11) The tobacco policy has not changed: The policy is: "Adult leaders should support the attitude that they, as well as youths, are better off without tobacco in any form and may not allow the use of tobacco products at any BSA activity involving youth participants. All Scouting functions, meetings, and activities should be conducted on a smoke-free basis, with smoking areas located away from all participants."

      12) There is a new Drugs section and a new policy on Medical Marijuana: "It is unacceptable for anyone to use or be under the influence of medical marijuana at or during any Scouting activity.

      14) Emergency Preparedness has been moved to a preface of the GTSS

      14) There First Aid chapter is now titled: Medical Information and First Aid and the Medical chapter was merged with the First Aid Chapter.

      15) There is a new Personal Health section with a lot of information on Medical Risk Factors for Your Participation in Scouting

      16) A lot more information on First Aid, CPR and AED training

      17) The new Chemical Fuels policy is spelled out in this version of the GTSS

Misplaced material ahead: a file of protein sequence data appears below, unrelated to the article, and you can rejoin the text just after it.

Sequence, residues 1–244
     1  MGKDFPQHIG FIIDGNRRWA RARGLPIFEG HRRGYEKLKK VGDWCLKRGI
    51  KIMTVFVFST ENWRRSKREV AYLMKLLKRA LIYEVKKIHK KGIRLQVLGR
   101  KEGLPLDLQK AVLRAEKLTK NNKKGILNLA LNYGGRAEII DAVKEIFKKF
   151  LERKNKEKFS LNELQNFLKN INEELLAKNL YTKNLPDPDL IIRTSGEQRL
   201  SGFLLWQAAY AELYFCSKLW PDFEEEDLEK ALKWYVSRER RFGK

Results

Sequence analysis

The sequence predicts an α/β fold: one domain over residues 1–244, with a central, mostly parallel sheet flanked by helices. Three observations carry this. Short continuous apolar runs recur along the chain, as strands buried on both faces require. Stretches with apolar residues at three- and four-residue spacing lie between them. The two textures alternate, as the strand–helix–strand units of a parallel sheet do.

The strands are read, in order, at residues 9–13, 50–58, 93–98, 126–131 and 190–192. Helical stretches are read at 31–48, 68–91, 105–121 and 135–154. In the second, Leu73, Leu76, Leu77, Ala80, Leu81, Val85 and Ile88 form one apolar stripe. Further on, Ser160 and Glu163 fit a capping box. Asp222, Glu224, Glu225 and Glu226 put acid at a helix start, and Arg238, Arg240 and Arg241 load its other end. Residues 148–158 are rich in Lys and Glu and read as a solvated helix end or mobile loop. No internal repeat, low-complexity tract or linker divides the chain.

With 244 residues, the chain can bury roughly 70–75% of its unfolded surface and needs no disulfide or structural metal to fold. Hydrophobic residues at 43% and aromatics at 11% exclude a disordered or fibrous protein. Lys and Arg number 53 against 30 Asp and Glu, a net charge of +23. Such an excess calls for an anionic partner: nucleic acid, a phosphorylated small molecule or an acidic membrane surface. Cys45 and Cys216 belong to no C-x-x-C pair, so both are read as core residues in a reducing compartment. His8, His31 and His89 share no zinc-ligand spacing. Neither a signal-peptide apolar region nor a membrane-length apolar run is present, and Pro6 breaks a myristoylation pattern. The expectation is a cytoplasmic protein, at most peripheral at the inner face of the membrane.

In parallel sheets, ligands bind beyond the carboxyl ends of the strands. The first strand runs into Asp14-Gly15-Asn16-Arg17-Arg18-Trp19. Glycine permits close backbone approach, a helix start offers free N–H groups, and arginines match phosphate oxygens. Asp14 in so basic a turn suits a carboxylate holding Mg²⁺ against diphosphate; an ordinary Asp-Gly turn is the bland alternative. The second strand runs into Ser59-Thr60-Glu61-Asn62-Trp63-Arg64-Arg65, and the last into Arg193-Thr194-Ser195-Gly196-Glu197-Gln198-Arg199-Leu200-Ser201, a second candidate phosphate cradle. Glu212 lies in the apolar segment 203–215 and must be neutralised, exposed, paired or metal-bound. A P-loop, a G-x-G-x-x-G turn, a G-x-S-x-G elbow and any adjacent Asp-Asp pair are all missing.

18) It spells out that Cub Scouts are limited to archery and BB guns, Boy Scouts are limited to .22-caleber rifles, muzzleloaders and shotguns and Venturers may use any rifle except fully automatic. Venturers also can shoot pistols.

      19 Archery and Knife and Tomahawk Throwing are approved activities for Boy Scouts and Venturers following the Sweet 16 of BSA Safety. (Uncle Danny Beard would be pleased)

      20: Cannons and Large-Bore Artillery are not authorized for units, under any circumstances.

      21. Caving, COPE and Climbing Safety has been reduced and you are referred to another resource

      22. Laser tag and paint ball rules are explained: Pointing any type of firearm or simulated firearm at any individual is unauthorized. Scout units may plan or participate in paintball, laser tag or similar events where participants shoot at targets that are neither living nor human representations.

      23. A new unauthorized activity: Water chugging and related activities are not authorized for any program level.

      24. The Monkey Bridge guideline section has been removed. Which defaults to safety being left up to the adult supervisors of the event.

      25. The bike and skating sections have been rewritten.

      26. Some resources have been added for horsemanship activities

      27. A chapter on how BSA insurance works has been added

      28. Winter camping safety has been rewritten

      29. A new Animal and Insect Hazards chapter has been added that includes a discussion on hantavirus, lyme disease, rabies, and West Nile virus.

      30. The Local Tour Permit and National Tour Permit have been removed from the appendix and replaced by the new Trip Plan.

      31. The Money Earning Application has been added to the appendix.